These are the symptoms you need to be aware of:

  • Swollen abdomen
  • Stomach pain
  • Retching
  • Salivation
  • Restlessness

Although you should be aware of bloat, don’t worry. You can take many preventative steps to ensure your dog never has to deal with bloat in the first place.

Knowing the signs and catching GDV early on makes your dog extremely likely to come out perfectly healthy.

Risk factors include eating too soon before and after exercise, a disorganized feeding routine, and eating too quickly.

The Impact of Elevated Dog Bowls on German Shepherd Health and Posture

There are many differences of opinion on whether elevated dog bowls are good for dogs. Some owners approve of them, and others don’t. So what’s the bottom line?

Elevated dog bowls are good for German Shepherds as they help relieve neck and back strain, allowing them to eat more comfortably.

They are perfect for arthritic, elderly, taller dogs or those with swallowing or digestive issues. It is unknown whether they prevent or cause bloat.

Those in favor of elevated dog bowls have often been recommended to use them by their veterinarian, particularly in dogs with osteoarthritis, which is sadly now 25% of the canine population.

However, dog owners are divided over whether elevated dog bowls (raised feeders) cause or prevent bloat (GDV) in dogs.

As German Shepherds are prone to bloat, their eating posture is essential. So, let’s take a look at the evidence:

The safest option, in the absence of further evidence, is to advise that owners of ‘at risk’ dogs feed from a feeder on the floor. This may not reduce the risk of GDV, but there is no evidence to suggest that it will increase the risk.” – Veterinary Evidence

Therefore, there is insufficient evidence to prove whether elevated dog bowls cause or prevent bloat in dogs.

When deciding whether to use a raised feeder for your German Shepherd, you should consider your dog’s health and needs and any advice from your vet.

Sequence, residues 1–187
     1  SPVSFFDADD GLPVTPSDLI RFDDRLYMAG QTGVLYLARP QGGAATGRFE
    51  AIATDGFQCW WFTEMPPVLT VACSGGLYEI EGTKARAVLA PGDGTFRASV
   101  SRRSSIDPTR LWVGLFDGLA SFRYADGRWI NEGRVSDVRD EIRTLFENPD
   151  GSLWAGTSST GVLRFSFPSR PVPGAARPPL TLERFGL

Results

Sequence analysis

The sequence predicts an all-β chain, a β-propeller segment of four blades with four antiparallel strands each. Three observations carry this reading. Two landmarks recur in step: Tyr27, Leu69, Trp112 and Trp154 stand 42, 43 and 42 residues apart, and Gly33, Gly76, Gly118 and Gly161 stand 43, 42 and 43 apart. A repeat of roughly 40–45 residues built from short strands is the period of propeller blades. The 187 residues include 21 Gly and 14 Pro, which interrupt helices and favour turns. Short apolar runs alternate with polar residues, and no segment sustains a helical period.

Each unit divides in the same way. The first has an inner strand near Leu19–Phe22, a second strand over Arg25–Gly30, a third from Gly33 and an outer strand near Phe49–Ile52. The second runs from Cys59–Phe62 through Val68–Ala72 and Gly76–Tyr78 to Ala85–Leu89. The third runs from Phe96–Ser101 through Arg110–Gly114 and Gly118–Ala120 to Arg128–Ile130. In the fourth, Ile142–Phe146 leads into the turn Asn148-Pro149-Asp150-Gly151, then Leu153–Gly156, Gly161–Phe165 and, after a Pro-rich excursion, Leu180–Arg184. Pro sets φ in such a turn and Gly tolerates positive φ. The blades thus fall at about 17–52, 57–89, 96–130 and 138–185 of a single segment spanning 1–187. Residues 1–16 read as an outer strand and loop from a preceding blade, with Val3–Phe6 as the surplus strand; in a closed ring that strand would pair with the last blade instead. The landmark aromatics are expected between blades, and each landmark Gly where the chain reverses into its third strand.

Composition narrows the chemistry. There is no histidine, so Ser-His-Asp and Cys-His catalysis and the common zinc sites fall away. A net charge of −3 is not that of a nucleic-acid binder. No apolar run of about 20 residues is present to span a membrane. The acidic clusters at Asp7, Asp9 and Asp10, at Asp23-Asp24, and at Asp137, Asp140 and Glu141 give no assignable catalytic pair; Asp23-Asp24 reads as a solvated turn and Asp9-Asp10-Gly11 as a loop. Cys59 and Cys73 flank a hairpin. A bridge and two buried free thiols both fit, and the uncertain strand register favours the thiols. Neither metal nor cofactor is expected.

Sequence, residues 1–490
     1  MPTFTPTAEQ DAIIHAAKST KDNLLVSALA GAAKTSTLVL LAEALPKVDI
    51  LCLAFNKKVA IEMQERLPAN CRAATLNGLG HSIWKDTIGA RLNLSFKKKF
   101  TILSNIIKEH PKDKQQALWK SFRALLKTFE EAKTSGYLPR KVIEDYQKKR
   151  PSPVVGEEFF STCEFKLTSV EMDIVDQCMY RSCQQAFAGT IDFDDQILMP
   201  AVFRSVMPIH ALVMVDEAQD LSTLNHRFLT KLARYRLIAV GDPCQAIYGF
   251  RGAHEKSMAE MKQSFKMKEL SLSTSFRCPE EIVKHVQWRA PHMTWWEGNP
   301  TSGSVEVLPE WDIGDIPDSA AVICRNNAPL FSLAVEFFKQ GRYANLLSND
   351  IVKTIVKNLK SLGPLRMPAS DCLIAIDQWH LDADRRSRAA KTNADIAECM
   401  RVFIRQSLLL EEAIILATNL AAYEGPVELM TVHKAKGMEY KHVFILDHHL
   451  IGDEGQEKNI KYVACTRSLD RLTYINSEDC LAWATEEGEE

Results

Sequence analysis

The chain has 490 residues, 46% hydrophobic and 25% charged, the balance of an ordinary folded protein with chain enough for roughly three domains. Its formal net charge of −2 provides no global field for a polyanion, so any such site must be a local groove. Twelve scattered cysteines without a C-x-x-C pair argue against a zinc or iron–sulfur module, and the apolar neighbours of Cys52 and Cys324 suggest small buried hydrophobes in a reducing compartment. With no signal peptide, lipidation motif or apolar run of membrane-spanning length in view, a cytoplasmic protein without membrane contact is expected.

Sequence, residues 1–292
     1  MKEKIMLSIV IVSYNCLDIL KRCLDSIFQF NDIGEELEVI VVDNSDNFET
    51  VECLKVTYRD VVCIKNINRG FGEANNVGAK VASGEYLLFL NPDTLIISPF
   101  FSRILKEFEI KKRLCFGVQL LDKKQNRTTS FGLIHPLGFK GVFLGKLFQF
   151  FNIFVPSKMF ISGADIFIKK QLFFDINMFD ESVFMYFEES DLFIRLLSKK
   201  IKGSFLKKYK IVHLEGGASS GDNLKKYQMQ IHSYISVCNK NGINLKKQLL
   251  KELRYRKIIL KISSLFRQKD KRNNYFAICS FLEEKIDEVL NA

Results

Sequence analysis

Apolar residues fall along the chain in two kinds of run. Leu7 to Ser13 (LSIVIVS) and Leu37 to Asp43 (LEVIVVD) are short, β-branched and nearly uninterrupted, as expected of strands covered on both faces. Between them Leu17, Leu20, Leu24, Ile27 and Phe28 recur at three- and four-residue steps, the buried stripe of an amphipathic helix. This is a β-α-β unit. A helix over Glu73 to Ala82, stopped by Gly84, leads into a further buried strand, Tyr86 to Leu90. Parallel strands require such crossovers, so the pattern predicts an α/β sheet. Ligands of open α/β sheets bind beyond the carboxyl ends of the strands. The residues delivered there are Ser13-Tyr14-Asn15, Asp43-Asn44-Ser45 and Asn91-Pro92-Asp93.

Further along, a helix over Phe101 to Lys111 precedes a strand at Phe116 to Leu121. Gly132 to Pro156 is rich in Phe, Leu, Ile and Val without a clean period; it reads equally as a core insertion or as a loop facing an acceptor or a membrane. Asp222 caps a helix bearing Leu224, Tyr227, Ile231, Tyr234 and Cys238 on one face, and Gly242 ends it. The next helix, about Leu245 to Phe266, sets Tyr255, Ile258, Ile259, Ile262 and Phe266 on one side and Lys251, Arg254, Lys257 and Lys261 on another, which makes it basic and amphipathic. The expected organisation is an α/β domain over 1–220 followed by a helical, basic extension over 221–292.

German Shepherd Eating From a Raised Feeder
My German Shepherd Willow eating her food from an elevated dog bowl.

Check out the above photo of my German Shepherd Willow eating her food from an elevated dog bowl. She is a tall dog and enjoys eating from a raised feeder, especially since she has spinal osteoarthritis.

If you decide your German Shepherd will benefit from an elevated dog bowl, there are many to choose from to suit your budget.

Check out the Dogit Elevated Dog Bowl from Amazon. It’s a pretty cool 2-in-1 design in four colors. It has anti-slip feet and a vet-recommended stainless steel bowl.

Note: Clicking the above link(s) will take you to Amazon or an online store where we have an affiliate relationship. If you make a purchase, we may earn a commission at no additional cost to you.

Using a raised feeder is not advisable if your dog tends to gulp their food. In this case, an interactive or slow feeder could be your best option.

I like the JASGOOD Slow Dog Bowl as it’s better for large breeds and even has a section in the center for water.

Or, for a crazy purple color, check out the Outward Hound Fun Feeder!

Why Do German Shepherds Lay Down to Drink?

German Shepherd laying down drinking water.
My German Shepherd Willow laying down to drink water.

My German Shepherd will sometimes lie down to drink from her water bowl.

She usually does this after a long walk, especially in the summer months when she is warm, so I guess she does this due to tiredness. Most other times, she drinks from a normal standing position.

If your dog suddenly starts having difficulty drinking from a standing position, he may have trouble swallowing and need a check-up with the vet to see if he has developed any health issues.

Ensure your German Shepherd has access to water at all times to prevent dehydration. The easiest way to check for dehydration is to check for loss of skin elasticity.

You can also check your dog’s gums. If they are dry and sticky, your dog may be dehydrated. Other signs are heavy panting, sunken eyes, or a dry nose.

It’s essential to change your dog’s water regularly throughout the day.

You can also get a dog water fountain, such as the Petsafe Drinkwell, that entices your German Shepherd to drink more – and saves you from having to keep changing his water.